This section is from the book "Complete Self-Instructing Library Of Practical Photography", by J. B. Schriever. Also available from Amazon: Complete Self-Instructing Library Of Practical Photography.
Using Old Toning Bath. The regular toning bath should be saved, and when you desire to tone again add one-half fresh bath to the old. A bath of this kind will give better results than a perfectly fresh one. Where the special acetate toning bath is employed, however, it should be used only once and then discarded. When large batches of prints are to be toned, the regular bath is to be preferred, as more uniform tones are secured with it than with any specially prepared bath. Allowance must be made for drying, as all prints dry fully one shade darker and colder than they appear when wet. After the prints are toned they should be washed and fixed in the usual manner.
Ferrotyping Prints. If you do not wish to mount your prints they can be dried flat, and a beautiful glossy finish may be obtained by squeegeeing them onto a ferrotype plate. Provide yourself with half a dozen ferrotype plates. These plates are a Japan tin, similar to the old tintype plate, but are made in a heavier weight. They are supplied, when desired, in a larger size than is ordinarily used for tintype purposes. The small size can be purchased from photo supply houses at 10 to 15 cents a sheet. First, clean the plate with clear water and before placing the prints in contact swab the plate with the following solution:
100. After the paraffine is dissolved, with a tuft of cotton apply it to the plate, which must be perfectly clean and dry. Rub over the entire plate and finally polish dry with clean cotton or cloth, being careful to remove all of the paraffine that appears on the surface, as enough will remain to do the work. Next place the print in contact. A good plan is to immerse the ferrotype plate in the tray of water with the prints and bring the print in contact with the ferrotype plate while both are beneath the water. In this way most of the air-bells will be expelled. Next lay the ferrotype plate on a perfectly level surface and squeegee by covering with a dry blotter and rolling thoroughly with a print roller to expel all remaining air-bells.
101. After having rolled the prints perfectly dry on the ferrotype plate and expelled all air-bells, set the plate up on edge and allow the prints to dry until they drop off or can be removed easily by raising one corner with the penknife. Should the prints stick, the plate has not been properly prepared and the prints must be soaked off by placing back into the water. Then carefully clean the plate again and apply the paraffine solution. With a little care and practice no trouble will be experienced.
102. If desired these prints may be kept in an unmounted state. However, should you intend to mount them later - after rolling the prints dry - apply a coating of paste to the back of each print while it is still on the ferrotype plate. Any of the prepared or starch pastes will work very nicely. Allow the paste to dry with the print. We would recommend the use of prepared paste for this purpose. Although prints will dry a little slower when pasted, the paste will dry good and firm as the print dries, and will be found to adhere well to the mount when remoistened. The pasted backs of prints will not interfere with their handling unmounted and they can be kept in this condition as long as desired. When you wish to mount them, it can be done without losing the gloss, by either moistening the part of the card on which you are going to mount the print or by moistening the back of print. In the former case, after moistening the card lay your print on the card in proper position and weight it down - of course always be sure to put a piece of dry paper over the glossy surface of the print before you lay any weight on it. This weight will press the print firmly on the card and the moisture on the card will dampen the paste on the print sufficiently to make it stick firmly, yet it will not injure the high gloss secured by ferrotyping. Or, you can moisten the back of the print with a damp sponge, only wetting it sufficiently to make the paste soft. Then by laying the print on the card and weighting as stated above, the paste will take a firm hold. Both methods can be adopted if desired - slightly dampening back of print and also card.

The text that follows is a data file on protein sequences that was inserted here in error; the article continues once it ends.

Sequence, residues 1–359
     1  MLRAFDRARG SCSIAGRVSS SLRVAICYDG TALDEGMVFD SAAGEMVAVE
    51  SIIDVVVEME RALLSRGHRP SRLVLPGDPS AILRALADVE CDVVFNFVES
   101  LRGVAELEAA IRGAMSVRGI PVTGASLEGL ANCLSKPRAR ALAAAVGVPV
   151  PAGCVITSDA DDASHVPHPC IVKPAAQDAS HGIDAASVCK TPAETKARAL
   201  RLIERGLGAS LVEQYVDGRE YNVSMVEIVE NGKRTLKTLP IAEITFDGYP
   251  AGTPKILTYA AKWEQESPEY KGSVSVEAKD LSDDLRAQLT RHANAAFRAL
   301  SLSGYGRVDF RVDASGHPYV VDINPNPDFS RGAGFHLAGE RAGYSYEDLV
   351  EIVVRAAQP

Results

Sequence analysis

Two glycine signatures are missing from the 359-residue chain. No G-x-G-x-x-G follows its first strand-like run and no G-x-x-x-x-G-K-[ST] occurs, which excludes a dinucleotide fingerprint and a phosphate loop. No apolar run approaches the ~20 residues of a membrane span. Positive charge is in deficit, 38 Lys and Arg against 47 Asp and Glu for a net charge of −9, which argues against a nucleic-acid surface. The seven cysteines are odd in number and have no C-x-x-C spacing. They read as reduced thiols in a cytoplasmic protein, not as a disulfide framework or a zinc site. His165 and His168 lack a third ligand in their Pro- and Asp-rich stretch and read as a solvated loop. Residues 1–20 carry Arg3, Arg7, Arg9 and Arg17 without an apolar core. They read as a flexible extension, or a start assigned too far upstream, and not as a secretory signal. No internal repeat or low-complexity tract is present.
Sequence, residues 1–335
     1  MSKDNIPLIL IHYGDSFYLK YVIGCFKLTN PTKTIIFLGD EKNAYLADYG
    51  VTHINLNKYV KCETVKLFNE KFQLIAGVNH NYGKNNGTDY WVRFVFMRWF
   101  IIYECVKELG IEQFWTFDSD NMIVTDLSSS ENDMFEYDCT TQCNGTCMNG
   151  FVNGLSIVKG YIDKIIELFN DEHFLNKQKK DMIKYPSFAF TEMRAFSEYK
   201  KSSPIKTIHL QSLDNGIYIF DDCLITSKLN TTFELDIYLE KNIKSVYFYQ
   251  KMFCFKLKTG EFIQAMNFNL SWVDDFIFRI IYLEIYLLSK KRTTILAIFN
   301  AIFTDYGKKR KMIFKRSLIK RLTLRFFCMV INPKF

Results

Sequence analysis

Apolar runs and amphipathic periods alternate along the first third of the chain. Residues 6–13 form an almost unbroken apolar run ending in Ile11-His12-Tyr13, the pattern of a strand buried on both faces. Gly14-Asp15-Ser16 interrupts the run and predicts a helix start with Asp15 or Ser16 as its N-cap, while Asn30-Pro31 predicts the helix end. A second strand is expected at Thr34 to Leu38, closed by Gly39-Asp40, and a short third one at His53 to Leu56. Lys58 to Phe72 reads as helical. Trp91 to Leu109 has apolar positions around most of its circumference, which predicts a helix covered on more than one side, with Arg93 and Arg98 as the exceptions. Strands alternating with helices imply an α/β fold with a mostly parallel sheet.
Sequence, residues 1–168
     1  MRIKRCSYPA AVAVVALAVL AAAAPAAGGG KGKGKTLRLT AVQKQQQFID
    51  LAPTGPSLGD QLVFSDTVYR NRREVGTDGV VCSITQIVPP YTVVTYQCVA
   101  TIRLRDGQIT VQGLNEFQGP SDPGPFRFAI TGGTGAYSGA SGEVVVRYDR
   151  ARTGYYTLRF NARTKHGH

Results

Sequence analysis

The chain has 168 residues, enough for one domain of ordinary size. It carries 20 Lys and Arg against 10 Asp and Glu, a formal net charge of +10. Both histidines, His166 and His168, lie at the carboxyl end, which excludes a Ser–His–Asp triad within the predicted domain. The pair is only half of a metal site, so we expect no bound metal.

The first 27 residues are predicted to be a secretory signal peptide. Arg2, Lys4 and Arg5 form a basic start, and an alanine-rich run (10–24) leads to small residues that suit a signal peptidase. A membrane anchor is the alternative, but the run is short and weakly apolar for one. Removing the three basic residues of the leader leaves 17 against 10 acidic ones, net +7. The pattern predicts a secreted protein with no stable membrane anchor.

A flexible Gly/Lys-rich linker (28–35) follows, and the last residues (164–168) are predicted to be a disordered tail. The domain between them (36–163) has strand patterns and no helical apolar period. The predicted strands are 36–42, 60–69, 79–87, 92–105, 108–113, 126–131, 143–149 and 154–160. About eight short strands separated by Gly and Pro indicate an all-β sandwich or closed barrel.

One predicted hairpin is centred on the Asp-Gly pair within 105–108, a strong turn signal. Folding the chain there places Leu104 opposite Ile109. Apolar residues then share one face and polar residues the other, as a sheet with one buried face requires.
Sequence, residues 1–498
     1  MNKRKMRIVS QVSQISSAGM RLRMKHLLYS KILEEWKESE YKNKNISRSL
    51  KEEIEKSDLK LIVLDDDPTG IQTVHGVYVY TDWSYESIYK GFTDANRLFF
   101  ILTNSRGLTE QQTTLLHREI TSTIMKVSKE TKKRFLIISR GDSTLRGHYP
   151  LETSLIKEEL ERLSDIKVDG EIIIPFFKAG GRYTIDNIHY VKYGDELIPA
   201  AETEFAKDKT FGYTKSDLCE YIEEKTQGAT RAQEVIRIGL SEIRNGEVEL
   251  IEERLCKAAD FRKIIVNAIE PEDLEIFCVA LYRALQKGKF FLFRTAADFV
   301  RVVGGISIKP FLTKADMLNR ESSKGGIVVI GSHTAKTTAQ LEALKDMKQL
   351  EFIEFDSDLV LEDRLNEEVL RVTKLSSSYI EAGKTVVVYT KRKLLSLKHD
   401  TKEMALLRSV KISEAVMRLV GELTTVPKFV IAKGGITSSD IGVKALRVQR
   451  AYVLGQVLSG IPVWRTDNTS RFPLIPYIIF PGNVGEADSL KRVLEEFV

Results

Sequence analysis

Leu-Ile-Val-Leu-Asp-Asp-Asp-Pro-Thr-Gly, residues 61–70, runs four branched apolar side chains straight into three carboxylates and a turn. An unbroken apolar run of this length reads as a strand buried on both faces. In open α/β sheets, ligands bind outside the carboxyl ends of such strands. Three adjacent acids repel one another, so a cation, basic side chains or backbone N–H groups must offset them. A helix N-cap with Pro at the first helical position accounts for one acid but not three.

103. There is no danger of injuring the gloss on the print, provided you do not touch the surface with wet fingers or allow anything damp to come in contact with the face of the print. A good squeegee roller is necessary for mounting the dry prints which have been dampened in this way.
104. The Eastman Kodak Company manufacture a dry mounting tissue which is easily applied, and the prints will lay flat without curling even on the very thinnest mounts. The use of this tissue is fully described in the trimming and mounting section of this volume.
105. Softening of Prints During Manipulation - In event of prints softening during manipulation, where ice water cannot be obtained and a film hardener must be employed, we would recommend the following: If it is possible to carry the prints through the gold bath without softening, should they soften after the toning bath, place them in a hardening bath of formalin 1 ounce, water 9 ounces. Handle prints in this bath until the film becomes thoroughly toughened, then place them in plain water and give one change of water before fixing.